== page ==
Science, Sin, and Paternalism

A new study, published in July by University College London, has apparently revealed that men (but not women) who consume a large amount of sugar are at higher risk of long term mental illness. The scientists who carried out the study used their press release to support the British government’s so-called “sugar tax” — a special levy due to be imposed on certain soft drinks in 2018. One author expressed dismay that a similar policy was not enacted in other European countries, while another added a jab at the “commercial forces” that “exploit” the gullible, weak-willed populace by selling us sugary drinks. The message is loud and clear: sugar is bad, government regulation is good, and now we have the science to prove it. Although the study itself is available online, I am not qualified to provide a detailed critique of its methodology or conclusions. A cursory inspection suggests that it does at least look like science, and does not contain poetry, “performative autoethnography”, or any of the other gibberish that characterises the worthless vanity …

Censorship, the Authoritarian’s Snake Oil

Of all the many world-changing inventions that have come from the field of particle physics, few are more prominent than the World Wide Web. Invented in 1989 by Tim Berners-Lee as a tool for sharing data with other scientists at CERN, the Web was based on a simple yet powerful idea: that a single mouse click could take you from one page to another, anywhere else on the planet. Berners-Lee was remarkably forward-thinking, proposing not only rich content like images or video, but also that the Web should be an interactive and democratic medium, where every user has the power to speak as well as listen. The millennium gave us blogs, wikis, and social media, at which point Berners-Lee’s dream was (sort of) realised, and the internet grew from a toy for geeks into a public utility as ubiquitous as electricity or television. The rest, as they say, is history. But where science leads, lawyers and politicians inevitably follow. It didn’t take long for the self-appointed moral guardians to arrive on the scene, realise that …

Denying Encryption To Terrorists Is A Fantasy

The script for responding to Western terror attacks is now so predictable that they might as well publish a schedule in the TV listings. First we get the platitudes: “praying for” the affected city, liking Facebook statuses, and projecting flags onto buildings. Next there is the denial stage, where the commentariat implore us not to make assumptions about the attacker’s motives, because for all we know this was actually the work of Buddhist monks or the National Farmers’ Union. Then comes the hand-wringing over the potential racist backlash at the hands of the unstable, knuckle-dragging public, whose desire for an anti-Muslim pogrom can only be kept in check by loudly proclaiming that Islamic terrorists are not Real Muslims. Finally, once the emotion has died down, politicians can get on with doing what they do best — demanding more control over the internet. After Khalid Masood murdered four people in London last month, Home Secretary Amber Rudd wasted no time in laying the blame at the feet of WhatsApp, insisting that secure messaging apps must not …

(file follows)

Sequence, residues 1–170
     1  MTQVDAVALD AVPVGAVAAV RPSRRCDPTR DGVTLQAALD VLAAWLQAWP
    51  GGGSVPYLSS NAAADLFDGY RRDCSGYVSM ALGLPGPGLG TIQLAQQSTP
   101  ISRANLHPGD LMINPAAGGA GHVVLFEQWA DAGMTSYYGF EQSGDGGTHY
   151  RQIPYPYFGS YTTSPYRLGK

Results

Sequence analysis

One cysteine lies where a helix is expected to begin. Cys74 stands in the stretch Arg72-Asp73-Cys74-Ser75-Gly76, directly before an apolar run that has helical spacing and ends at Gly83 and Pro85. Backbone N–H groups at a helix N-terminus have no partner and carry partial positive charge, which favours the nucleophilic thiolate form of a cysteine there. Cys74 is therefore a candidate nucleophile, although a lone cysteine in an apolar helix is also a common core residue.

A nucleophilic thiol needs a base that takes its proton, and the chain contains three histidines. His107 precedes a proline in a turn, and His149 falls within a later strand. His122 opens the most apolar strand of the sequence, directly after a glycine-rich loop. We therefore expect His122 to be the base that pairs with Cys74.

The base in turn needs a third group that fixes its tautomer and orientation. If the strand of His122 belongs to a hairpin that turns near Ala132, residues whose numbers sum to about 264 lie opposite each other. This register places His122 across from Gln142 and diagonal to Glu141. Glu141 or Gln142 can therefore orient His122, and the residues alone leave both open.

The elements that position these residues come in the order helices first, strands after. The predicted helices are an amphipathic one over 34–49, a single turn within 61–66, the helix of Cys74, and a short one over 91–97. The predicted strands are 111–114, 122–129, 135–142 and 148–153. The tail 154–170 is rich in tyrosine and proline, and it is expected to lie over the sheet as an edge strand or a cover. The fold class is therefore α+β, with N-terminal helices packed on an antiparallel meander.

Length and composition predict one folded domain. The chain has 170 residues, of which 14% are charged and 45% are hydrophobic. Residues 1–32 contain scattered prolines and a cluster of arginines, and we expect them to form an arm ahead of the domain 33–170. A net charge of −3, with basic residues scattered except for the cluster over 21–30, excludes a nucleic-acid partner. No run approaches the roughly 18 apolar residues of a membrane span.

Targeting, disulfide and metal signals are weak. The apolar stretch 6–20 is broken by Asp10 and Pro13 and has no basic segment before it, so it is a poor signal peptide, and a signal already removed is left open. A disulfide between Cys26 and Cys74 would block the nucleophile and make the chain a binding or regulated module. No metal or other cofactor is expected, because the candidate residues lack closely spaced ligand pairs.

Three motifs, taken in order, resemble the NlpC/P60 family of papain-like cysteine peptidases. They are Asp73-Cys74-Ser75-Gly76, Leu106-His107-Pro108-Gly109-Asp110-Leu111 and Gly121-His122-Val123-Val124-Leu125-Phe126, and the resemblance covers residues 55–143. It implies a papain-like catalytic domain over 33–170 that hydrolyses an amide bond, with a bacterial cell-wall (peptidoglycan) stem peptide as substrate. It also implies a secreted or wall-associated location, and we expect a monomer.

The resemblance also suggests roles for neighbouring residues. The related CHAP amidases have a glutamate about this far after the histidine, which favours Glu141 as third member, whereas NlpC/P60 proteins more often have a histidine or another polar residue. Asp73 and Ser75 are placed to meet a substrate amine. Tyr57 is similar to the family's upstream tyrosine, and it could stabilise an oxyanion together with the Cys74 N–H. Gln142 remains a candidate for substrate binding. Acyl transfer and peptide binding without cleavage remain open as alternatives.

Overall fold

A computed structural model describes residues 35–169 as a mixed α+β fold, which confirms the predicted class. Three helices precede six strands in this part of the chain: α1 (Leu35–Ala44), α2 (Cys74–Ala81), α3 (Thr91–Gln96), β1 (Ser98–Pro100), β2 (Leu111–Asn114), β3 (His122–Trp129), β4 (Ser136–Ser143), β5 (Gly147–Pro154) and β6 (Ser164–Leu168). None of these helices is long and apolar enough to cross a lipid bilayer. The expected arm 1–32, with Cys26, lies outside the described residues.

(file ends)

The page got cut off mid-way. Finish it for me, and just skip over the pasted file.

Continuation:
Censorship-Free Social Media: the Next Big Thing, or Just Another Echo Chamber?

In July 2016, Breitbart Tech journalist and notorious right-wing provocateur Milo Yiannopoulos was permanently banned from Twitter. It wasn’t his first run-in with the Twitter authorities, but this time the ban was permanent. The justification was that he had allegedly encouraged his 300,000-odd followers to harass Ghostbusters actress Leslie Jones. But his fans took the view that Yiannopoulos, like others before and since, had been kicked off Twitter because his conservative politics offended the sensibilities of its left-wing CEO, Jack Dorsey. Four months later, Donald Trump — candidate of choice for Yiannopoulos and his alt-right fellow travellers — achieved a surprise victory in the US presidential election; a seismic political upheaval that, like the similarly unexpected Brexit vote, seemed to put the impotence of the establishment media beyond any doubt. If Twitter and other Democrat-supporting behemoths thought that policing online speech was going to carry Hillary Clinton to victory, they were mistaken. Censorship, however, is like alternative medicine: if it doesn’t work, you just need to do more of it. Social media purges have only intensified since …